New leap in investment
In a continuing context of economic slowdown, the revenue for municipalities is not increasing very much compared to the years of growth which lasted until 2013.
After several years of near stagnation, the operating expenditure of municipalities rose in 2017 (+2.9% compared to 2016, against +1.3% on average between 2014 and 2016). This increase is undoubtedly a sign of their difficulty in maintaining the effort to control expenses over the long term, especially for municipalities experiencing significant population growth.
Overall, the savings of New Caledonian municipalities were eroded in 2017 (gross savings stood at FCFP 8.9bn, against FCFP 9.7bn in 2016). These savings do, however, remain sufficiently high to finance part of their investments.
In 2017, investment gathered pace with a total amount of FCFP 18.9bn, against FCFP 16.3bn in 2016, i.e. an increase of FCFP 2.6bn. This increase illustrates the role played by municipalities as a central actor in the economy and local public sector and their commitment to maintaining high-quality facilities.
While municipalities had mainly had recourse to their reserves and grants in the previous years, they borrowed more in 2017.
Borrowing, which accounted for 25% of investment income, against 13% in 2016, does, however, remained controlled and sustainable. This situation makes it possible to maintain a good solvency ratio, although this general observation should not mask certain specific tighter situations.
However, the analysis of the water, sanitation and waste budgets (the “subsidiary” budgets), which entail major investments, calls for the apparent improvement in the finances of certain municipalities to be put into perspective.
Focus on waste management
The second part of the publication is devoted to a crosscutting theme: household waste management. It was produced with ADEME, together with local public actors. It shows the difficulties that municipalities have in financing this essential public service, but also the progress achieved in New Caledonia over the past decade.
Over the last ten years, New Caledonian municipalities, which are in the front line for waste management, have switched from a relatively simple management method, i.e. under their own control, with basic disposal in non-regulated dumps, to the general implementation of door-to-door collection with disposal in non-hazardous waste storage facilities (NHWSF or WSF), sometimes with complex set-ups.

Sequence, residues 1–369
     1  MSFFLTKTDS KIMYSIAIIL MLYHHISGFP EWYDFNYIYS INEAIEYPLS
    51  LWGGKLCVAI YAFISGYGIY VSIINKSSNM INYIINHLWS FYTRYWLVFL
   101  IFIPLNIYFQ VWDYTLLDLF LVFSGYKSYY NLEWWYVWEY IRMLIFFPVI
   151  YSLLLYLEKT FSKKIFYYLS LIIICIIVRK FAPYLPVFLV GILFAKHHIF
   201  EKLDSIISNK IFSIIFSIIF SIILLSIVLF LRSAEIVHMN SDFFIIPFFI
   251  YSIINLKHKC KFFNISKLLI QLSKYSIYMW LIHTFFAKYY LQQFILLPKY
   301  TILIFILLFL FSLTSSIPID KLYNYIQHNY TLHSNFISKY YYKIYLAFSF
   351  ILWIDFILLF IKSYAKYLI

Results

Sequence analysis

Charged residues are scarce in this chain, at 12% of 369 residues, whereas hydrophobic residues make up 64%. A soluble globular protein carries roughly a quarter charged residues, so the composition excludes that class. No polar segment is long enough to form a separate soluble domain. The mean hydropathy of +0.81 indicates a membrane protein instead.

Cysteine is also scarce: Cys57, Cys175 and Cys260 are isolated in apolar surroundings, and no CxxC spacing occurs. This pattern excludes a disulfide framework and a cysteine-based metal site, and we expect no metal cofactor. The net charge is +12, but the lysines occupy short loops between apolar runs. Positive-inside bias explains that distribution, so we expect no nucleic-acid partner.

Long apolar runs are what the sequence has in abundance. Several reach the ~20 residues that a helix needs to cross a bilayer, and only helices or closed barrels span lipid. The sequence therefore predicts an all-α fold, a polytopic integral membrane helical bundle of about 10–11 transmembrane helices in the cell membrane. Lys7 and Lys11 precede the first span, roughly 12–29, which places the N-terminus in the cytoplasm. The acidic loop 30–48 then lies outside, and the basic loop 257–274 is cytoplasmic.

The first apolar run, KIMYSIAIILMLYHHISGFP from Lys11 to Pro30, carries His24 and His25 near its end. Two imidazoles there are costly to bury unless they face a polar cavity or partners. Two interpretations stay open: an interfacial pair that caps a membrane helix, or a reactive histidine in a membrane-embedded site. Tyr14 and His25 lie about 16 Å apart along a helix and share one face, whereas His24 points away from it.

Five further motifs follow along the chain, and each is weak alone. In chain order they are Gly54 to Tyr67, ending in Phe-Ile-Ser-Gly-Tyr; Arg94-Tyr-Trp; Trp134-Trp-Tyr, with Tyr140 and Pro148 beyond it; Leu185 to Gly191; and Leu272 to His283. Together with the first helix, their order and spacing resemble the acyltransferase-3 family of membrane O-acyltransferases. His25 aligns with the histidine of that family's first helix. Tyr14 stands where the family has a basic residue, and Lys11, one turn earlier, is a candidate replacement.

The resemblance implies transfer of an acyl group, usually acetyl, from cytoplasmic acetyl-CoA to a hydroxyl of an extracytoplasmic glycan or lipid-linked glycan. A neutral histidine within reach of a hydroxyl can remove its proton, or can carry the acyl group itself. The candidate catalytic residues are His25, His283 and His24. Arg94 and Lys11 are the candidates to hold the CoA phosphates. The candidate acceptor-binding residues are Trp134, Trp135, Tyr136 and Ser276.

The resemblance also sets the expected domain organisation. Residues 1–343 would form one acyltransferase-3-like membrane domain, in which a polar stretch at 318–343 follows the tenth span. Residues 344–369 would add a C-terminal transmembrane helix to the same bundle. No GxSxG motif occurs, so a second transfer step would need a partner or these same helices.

The amount of household waste produced currently stands at over 100,000 tons (2017). This major development in the sector, which involves many actors, has also come about thanks to the policies implemented by the provinces, via their waste prevention and management schemes.
The Observatory (available in French) also highlights field experiences: the termination of the collection of organic waste in Pouébo, the periodic provision of collection facilities (“mini-waste collection point” operations by SIVM Sud), composting mutually managed by the Gohapin tribe in Poya and a focus on another territory: a mobile sorting chain in Saint Pierre and Miquelon.
Difficult to meet the obligation to achieve a balance
Pursuant to Article L322-1 of the Code of New Caledonian Municipalities, waste management, water supply and sanitation, as industrial and commercial public services (SPIC), are required to achieve financial autonomy.
But this obligation to achieve a balance in the waste budget has up until now been difficult to meet. Indeed, the balance depends on the amount of the fees collected from users.
According to the available data for 2017, balancing the subsidiary waste budget would require an average annual fee amount per household of between FCFP 35,000 and FCFP 45,000.
In 2017, only three municipalities achieved this fee level and balanced their budgets. In contrast, the vast majority of municipalities apply a fee of below FCFP 15,000.
The issue of unpaid fees, which is becoming increasingly important, could also in the short term become a major challenge for the financial health of municipalities, all budgets taken together.
Towards a ban on single-use plastics?
Although municipalities are at the forefront for waste management, the partnership with the provinces and New Caledonia, which, for their part, are working on reducing waste production, needs to be continued.
Finally, the extension of the scope of the lines of Extended Producer Responsibility (EPR polluter pays principle) and the ban on marketing single-use plastics are examples of measures that can contribute to reducing waste production and more sustainable waste management.